Operation of the complete subway to the newly built Penn Station was delayed until 1937. The terminal below Penn Station has five tracks, two incoming and three outgoing, connected by two loop tracks. This part of the subway included a grade-separated junction with a connection to the lower level of the Newark Public Service Terminal that was used for only a few months (June to September).
An extension to a wooden station at North 6th Street or Franklin Avenue was opened in 1940, located north of the present Branch Brook Park station. In 1953 the line was cut back about one block to accommodate construction of a turning loop, and a new station, still called Franklin Avenue, was opened adjacent to Anthony Street. The station was enlarged in 2002 and renamed Branch Brook Park.
The subway was operated by Transport of New Jersey (formerly Public Service Coordinated Transport) as its No. 7 line. Other streetcar routes used parts of the subway, reaching street trackage at the locations shown below, ending as each route was closed and replaced by bus service:
Until June 5, 1952, the Roseville Car House, on the south side of Main Street (on the No. 21 line) near the eastern city line of East Orange, was used for the No. 7 line. From that time until 2002, Newark Penn Station was used for storage and maintenance. A new shops and yard complex opened at the end of the extension to Grove Street.
Starting in January 1954, 30 PCC streetcars bought from Twin City Rapid Transit provided all service on the route. They were single-ended, requiring construction of a new turning loop at the Franklin Avenue terminal. The cars had been built 1946–1949 by the St. Louis Car Company and were sold by TCRT when that system went through a conversion to buses. Four cars were scrapped over the years, and two were sold to Shaker Heights Rapid Transit in 1978.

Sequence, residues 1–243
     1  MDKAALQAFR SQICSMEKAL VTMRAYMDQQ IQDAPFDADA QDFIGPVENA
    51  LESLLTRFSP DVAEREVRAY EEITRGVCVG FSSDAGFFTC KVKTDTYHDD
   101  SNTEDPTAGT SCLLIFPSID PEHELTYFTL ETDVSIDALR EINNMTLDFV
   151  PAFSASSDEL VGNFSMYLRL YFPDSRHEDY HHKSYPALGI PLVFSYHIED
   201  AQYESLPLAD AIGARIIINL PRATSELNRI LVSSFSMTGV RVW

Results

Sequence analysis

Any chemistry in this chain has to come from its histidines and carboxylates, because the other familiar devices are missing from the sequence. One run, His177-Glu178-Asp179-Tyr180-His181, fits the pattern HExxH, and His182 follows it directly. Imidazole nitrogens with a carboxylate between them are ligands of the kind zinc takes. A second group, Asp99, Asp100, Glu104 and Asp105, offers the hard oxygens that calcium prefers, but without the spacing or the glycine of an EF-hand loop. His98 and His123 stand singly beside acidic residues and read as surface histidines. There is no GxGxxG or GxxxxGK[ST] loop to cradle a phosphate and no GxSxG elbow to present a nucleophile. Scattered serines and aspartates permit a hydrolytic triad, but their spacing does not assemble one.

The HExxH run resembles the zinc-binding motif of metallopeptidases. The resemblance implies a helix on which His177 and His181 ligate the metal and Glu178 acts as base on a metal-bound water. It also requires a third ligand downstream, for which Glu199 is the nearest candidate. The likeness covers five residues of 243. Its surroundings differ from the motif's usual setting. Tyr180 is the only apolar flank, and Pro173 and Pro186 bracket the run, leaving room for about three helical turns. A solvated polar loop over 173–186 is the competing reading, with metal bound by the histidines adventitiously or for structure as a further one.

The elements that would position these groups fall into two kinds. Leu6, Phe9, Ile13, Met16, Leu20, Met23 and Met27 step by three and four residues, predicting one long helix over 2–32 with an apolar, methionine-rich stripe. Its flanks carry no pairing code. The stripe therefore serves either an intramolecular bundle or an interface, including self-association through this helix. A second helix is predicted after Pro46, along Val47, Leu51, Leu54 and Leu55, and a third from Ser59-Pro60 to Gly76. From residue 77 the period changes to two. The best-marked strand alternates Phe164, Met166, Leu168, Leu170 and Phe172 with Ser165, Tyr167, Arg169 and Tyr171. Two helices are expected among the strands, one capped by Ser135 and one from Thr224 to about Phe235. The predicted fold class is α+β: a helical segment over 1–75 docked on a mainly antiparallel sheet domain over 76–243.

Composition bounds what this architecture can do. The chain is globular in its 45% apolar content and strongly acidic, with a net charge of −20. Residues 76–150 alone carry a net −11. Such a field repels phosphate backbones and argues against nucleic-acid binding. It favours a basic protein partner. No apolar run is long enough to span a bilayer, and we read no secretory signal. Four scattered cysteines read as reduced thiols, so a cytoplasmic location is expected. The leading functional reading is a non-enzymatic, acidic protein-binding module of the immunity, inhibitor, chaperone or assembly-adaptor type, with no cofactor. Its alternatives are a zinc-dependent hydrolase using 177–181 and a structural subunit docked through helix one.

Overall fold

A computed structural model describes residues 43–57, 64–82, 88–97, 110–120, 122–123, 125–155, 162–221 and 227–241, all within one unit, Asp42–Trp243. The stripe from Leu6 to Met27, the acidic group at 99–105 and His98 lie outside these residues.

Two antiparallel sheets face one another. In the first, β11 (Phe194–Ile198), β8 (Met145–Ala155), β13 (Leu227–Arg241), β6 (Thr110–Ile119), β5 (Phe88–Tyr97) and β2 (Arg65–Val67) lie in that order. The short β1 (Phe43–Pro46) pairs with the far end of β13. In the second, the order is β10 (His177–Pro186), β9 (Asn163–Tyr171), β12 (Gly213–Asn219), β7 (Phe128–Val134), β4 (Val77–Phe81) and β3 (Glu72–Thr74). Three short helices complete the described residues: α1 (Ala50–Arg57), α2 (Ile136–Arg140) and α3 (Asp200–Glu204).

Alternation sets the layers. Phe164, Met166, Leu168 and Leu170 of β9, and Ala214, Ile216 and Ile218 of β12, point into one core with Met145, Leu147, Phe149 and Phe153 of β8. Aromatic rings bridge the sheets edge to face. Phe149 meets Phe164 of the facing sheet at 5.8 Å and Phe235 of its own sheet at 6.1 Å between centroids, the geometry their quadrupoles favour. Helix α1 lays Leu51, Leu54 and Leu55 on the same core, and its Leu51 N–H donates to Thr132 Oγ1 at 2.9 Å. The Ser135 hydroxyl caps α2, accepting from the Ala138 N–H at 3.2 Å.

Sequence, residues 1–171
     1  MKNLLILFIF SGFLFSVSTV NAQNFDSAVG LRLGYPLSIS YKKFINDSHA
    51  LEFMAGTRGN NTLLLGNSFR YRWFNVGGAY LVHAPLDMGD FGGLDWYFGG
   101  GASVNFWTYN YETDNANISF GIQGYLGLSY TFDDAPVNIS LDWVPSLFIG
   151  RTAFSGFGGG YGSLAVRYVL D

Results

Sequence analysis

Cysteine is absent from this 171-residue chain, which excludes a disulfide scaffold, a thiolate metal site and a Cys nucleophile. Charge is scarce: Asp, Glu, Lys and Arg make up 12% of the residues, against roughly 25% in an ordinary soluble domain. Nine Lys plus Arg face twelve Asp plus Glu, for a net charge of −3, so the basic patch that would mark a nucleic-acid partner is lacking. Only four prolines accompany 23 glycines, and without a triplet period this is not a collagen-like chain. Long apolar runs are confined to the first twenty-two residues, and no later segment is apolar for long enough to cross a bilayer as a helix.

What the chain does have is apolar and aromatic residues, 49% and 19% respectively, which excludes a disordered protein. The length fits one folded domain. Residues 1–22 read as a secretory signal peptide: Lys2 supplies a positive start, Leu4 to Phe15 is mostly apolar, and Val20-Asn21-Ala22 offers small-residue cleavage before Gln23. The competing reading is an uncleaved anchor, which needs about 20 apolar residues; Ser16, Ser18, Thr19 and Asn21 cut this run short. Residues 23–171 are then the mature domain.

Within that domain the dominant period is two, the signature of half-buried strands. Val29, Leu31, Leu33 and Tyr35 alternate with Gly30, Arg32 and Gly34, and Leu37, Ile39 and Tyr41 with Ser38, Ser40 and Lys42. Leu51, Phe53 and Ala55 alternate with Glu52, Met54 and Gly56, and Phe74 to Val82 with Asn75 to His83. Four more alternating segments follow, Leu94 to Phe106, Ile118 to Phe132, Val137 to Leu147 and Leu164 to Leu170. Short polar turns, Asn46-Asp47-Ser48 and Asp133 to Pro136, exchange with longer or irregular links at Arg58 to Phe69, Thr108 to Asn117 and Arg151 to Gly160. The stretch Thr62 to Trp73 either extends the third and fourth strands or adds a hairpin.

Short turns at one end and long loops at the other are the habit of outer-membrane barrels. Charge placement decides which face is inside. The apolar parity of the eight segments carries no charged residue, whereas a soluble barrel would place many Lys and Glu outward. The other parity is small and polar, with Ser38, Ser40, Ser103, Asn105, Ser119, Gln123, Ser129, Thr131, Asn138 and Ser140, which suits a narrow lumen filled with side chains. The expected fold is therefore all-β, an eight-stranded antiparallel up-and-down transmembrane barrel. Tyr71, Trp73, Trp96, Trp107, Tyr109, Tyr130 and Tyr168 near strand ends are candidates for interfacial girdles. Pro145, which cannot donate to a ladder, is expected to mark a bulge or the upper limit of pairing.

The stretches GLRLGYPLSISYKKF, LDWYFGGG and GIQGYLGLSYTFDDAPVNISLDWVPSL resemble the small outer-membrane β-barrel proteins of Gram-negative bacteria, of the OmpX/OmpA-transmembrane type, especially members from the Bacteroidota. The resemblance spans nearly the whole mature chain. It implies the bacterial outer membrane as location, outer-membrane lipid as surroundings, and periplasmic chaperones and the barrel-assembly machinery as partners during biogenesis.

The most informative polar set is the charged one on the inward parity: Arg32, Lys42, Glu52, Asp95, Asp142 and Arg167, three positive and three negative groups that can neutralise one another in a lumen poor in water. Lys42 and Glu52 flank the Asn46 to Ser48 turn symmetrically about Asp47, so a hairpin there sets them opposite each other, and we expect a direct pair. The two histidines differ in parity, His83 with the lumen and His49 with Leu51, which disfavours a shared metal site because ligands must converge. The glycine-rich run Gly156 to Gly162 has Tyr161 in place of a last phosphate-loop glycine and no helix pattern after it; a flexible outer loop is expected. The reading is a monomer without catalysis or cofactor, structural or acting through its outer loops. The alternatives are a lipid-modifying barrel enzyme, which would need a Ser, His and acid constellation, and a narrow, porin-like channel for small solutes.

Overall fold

New Jersey Transit took over operations in 1980.
Some of the PCCs are stored in the Newark City Subway shop. Eleven were sold in 2004 to the San Francisco Municipal Railway for use on its F Market heritage streetcar line. One PCC, #15, was delivered to the Connecticut Trolley Museum in 2013 for restoration and display. One of the Shaker Heights cars has been restored by the Minnesota Transportation Museum, which operates it on a short stretch of track in western Minneapolis.
In 2005, eight PCCs were given to the City of Bayonne to be rehabilitated and operated along a proposed 2.5-mile (4 km) loop to serve the Peninsula at Bayonne Harbor, formerly Military Ocean Terminal at Bayonne (MOTBY). The proposed line would be connected to the 34th Street station of the Hudson-Bergen Light Rail.
On September 4, 2004, Broad Street Station was renamed Military Park Station, to avoid confusion with the terminal of the new route to the Newark Broad Street Station at University Avenue, operated by New Jersey Transit.